A total of 9 reef sites around the Swan Islands were fully assessed using the Atlantic and Gulf Rapid Reef Assessment (AGRRA) protocol, with an additional two sites near Roatan. The general overview of the reef condition was rather disappointing. Most reefs were poorly developed with fairly low topographic complexity and low cover of living coral. Reefs appeared to be physically impacted, probably by high wave energy during storms and hurricanes. This area seems to have a high frequency of hurricane activity. However, the possibility of destructive fishing gear still being used around the island has also been noted by local observers. The fish populations were very low, indicating that they are probably still being fished (despite the legal decree protecting the island and the presence of Honduran military personnel on the island — particularly since they have no boat or surveillance equipment). All fish showed an obvious fright-response to the sound of the boat’s engine suggesting current fishing activity. It’s also possible that the reduced connectivity of this reef area, has resulted in the fish populations lack of resiliency to earlier over-fishing. A staff member on the Aggressor told us that about 15 years ago he participated in regular (monthly) fishing trips to the island during which they would remove about 15 tons of fish, lobster and conch. While the fish and lobster populations were low, a decent population of queen conch were noted on our dives.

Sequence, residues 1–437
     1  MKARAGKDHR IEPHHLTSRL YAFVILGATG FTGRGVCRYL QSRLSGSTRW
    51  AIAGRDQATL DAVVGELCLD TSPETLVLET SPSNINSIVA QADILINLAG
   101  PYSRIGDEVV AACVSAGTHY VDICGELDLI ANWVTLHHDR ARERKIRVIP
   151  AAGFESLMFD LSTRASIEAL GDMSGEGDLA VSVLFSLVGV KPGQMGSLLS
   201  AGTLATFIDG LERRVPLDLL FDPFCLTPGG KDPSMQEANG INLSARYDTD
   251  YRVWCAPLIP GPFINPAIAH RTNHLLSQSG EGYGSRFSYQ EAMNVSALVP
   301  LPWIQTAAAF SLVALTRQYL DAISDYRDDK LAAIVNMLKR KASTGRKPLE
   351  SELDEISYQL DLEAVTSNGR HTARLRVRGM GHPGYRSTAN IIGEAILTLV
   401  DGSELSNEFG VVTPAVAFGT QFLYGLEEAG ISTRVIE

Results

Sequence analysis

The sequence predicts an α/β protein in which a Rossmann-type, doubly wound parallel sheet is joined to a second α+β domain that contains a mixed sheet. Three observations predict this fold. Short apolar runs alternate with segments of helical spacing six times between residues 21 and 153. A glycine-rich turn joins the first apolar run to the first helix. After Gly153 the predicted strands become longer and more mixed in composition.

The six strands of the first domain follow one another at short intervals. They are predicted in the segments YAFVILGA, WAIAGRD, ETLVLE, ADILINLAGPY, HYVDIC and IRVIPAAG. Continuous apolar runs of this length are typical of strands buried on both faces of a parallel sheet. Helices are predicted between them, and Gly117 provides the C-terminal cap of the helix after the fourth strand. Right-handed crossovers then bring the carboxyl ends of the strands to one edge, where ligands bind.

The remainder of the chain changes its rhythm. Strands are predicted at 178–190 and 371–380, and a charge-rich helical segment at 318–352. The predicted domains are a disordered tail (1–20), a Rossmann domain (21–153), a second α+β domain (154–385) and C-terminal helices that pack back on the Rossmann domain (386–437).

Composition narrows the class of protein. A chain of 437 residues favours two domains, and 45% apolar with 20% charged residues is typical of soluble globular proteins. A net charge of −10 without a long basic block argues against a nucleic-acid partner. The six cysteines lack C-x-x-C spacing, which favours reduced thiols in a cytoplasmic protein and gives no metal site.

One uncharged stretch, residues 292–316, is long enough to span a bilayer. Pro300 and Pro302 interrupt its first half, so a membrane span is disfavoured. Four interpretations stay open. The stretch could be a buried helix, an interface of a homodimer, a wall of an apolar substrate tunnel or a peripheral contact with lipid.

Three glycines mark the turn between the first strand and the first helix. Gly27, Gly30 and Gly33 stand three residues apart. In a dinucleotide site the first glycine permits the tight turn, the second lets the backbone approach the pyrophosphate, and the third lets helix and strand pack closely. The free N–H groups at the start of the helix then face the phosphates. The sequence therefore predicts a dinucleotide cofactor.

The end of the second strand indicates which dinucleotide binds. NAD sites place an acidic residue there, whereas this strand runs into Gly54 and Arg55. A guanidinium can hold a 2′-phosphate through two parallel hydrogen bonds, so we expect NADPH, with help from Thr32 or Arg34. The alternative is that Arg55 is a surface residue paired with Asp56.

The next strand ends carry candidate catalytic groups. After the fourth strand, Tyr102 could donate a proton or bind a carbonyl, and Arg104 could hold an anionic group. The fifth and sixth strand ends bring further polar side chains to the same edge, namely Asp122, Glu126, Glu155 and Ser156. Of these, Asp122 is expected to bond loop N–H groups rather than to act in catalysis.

Despite the reduced biomass of fish (numbers and sizes of fish), there were signs of hope in that two critically endangered goliath groupers and several critically endangered Nassau groupers were recorded. In total 57 fish species were recorded. Parrotfish abundance was relatively high, although most were juvenile or sub-adult. Conversion of the raw counts into biomass values and ranking onto reef health categories is not yet completed. The shark baited videos reordered sharks on 90% of the deployments, although none were seen within the AGRRA fish sampling (presumably due to the sharks avoidance of humans and boat engine noise). We are now discussing the possibility of incorporating the shark video deployments along site our AGRRA reef monitoring in future report card monitoring (if additional funding can be obtained).